16 Potential Benefits of the Gratitude Habit - Life Note to File Blog

16 Potential Benefits of the Gratitude Habit

I’ve been hearing more and more conversations revolving around gratitude in recent times. This is not just the simple thank you that many of us say in response to another person’s kindness or good deeds towards us.

But rather, what’s being encouraged is the habit of gratitude. This can be achieved by making an effort to regularly think about people, things and events that you’re grateful for. You can also create a gratitude lists or engage in gratitude journaling. You’ll even find apps that you can use for practicing gratitude!

I couldn’t think of a reason why being more thankful wouldn’t be good.

But what are really the benefits of making a habit of gratitude? According to scientific research, here are 16 potential benefits that you could receive by practicing gratitude.

16 Potential Benefits of the Gratitude Habit

1. You’ll be more likely to help others on their problems or provide emotional support.

2. Appreciation between romantic partners is essential in the maintenance of a happy relationship.

3. Gratitude can strengthen your relationships. It makes you and those you have relationships with feel more loved, cared for and valued.

4. You’ll feel less lonely.

5. A gratitude habit can improve your sleep. You’ll sleep more and will experience better sleep.

6. Your stress level could decrease over time.

7. The gratitude habit could lead to fewer physical health symptoms such as headaches or stomach problems.

8. You’ll be more willing to forgive.

9. Being thankful can be effective in helping you cope when you’re dealing with problems. You’ll have the tendency to focus on the positive aspects of your life when you’re grateful and will be more willing to deal with your problems (instead of avoiding them).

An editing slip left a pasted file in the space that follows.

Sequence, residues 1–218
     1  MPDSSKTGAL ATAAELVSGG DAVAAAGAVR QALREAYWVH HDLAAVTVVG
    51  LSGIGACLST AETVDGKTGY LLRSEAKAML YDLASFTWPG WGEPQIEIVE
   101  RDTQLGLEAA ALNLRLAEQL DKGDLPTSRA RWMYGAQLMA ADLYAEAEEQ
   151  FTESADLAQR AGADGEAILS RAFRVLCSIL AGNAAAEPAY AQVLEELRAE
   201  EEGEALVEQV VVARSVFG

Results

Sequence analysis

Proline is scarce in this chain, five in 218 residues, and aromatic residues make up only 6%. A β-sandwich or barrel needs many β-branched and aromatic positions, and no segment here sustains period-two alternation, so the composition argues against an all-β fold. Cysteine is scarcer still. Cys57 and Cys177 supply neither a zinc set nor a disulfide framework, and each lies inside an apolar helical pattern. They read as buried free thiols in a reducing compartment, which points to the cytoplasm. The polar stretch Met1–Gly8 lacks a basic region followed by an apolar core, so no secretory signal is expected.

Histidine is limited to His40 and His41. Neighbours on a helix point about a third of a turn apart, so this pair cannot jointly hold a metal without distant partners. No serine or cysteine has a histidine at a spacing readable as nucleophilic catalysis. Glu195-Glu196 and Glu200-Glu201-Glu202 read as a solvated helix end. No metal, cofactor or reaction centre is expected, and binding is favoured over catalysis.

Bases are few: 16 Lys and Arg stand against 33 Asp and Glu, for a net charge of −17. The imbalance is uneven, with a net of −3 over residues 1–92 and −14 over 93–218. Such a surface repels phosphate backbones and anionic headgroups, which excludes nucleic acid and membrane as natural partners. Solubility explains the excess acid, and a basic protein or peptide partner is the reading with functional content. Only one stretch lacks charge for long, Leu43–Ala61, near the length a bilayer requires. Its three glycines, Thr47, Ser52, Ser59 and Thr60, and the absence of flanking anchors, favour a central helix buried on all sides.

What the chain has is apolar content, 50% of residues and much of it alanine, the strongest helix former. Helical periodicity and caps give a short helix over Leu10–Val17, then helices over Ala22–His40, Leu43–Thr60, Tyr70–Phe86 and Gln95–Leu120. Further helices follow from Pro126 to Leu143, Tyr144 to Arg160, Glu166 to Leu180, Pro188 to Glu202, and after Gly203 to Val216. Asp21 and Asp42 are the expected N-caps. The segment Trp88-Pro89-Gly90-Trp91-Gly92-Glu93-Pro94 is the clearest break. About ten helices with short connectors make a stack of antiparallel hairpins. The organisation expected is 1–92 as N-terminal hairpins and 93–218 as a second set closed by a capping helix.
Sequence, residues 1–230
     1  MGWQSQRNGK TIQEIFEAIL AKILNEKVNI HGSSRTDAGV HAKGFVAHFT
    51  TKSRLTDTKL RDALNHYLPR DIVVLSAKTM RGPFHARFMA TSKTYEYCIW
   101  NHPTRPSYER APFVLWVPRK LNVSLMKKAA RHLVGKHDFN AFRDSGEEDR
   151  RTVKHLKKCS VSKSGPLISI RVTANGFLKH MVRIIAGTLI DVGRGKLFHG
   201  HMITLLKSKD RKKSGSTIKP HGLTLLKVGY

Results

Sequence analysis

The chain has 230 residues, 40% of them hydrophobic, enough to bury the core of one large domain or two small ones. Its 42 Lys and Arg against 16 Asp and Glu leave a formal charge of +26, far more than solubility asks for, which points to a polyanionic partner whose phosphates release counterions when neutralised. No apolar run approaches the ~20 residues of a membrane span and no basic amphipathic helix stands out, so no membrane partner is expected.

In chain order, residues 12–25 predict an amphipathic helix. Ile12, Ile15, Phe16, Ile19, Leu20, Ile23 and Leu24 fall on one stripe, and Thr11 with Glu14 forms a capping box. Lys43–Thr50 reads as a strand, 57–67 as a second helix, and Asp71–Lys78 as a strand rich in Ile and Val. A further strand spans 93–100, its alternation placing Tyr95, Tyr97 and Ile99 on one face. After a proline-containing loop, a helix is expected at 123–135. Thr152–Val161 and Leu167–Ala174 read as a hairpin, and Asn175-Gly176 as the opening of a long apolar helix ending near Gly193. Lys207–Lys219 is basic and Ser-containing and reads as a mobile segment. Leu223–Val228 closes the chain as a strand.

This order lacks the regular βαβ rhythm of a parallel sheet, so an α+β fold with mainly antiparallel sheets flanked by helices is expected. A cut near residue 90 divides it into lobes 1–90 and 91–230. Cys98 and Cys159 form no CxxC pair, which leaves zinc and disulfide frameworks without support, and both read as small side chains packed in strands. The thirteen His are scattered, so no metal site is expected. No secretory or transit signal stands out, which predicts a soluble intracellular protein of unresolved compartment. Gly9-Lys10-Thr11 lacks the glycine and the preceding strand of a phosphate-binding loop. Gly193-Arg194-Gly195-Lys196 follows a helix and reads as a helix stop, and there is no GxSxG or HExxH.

10. Being more grateful can lead to a decrease in materialism.

11. You may experience fewer negative emotions when you’re grateful.

12. Thankfulness can improve your mood and make you feel happier.

13. It can increase your self-esteem and can help improve how you see yourself.

14. You’ll feel more satisfied with your life.

15. You’ll be more optimistic.

16. You’ll feel better about your life.

 

Are you willing to try the gratitude habit? If you’re currently practicing gratitude, what method are you using and what benefits have you experienced?

 

Sources:

Emmons, Robert A., McCullough, Michael E. “Counting Blessings Versus Burdens: An Experimental Investigation of Gratitude and Subjective Well-Being in Daily Life.” Journal of Personality and Social Psychology, vol. 84, 2003, pp. 377-389.

Gordon, Amie M., Impett, Emily A., Kogan, Aleksandr, Oveis, Christopher, Keltner, Dacher. “To have and to hold: Gratitude promotes relationship maintenance in intimate bonds.” Journal of Personality and Social Psychology, vol. 103, 2012, pp. 257-274.

Jackowska, Marta, Brown, Jennie, Ronaldson, Amy, Steptoe, Andrew. “The impact of a brief gratitude intervention on subjective wellbeing, biology and sleep.” Journal of Health Psychology, vol. 21, 2016, pp. 2207–2217.

Lin, Chih-Che. Impact of gratitude on resource development and emotional well-being.” Social Behavior and Personality, vol. 43, 2015, pp. 493-504.

O’Connell, Brenda H., O’Shea, Deirdre, Gallagher, Stephen. “Mediating effects of loneliness on the gratitude-health link.” Personality and Individual Differences, vol. 98, 2016, pp. 179–183.

Rash, Joshua A., Matsuba, M. Kyle, Prkachin, Kenneth M., “Gratitude and Well-Being: Who Benefits the Most from a Gratitude Intervention?” Applied Psychology: health and Well-being, vol. 3, 2011, pp. 350–369.

Tsang, Jo-Ann, Carpenter, Thomas P., Roberts, James A., Frisch, Michael B., Carlisle, Robert D. “Why are materialists less happy? The role of gratitude and need satisfaction in the relationship between materialism and life satisfaction.” Personality and Individual Differences, vol. 64, 2014, pp. 62–66.

Wood, Alex M., Froh, Jeffrey J., Geraghty, Adam W. A. “Gratitude and well-being: A review and theoretical integration.” Clinical Psychology Review, vol. 30, 2010, pp. 890–905.

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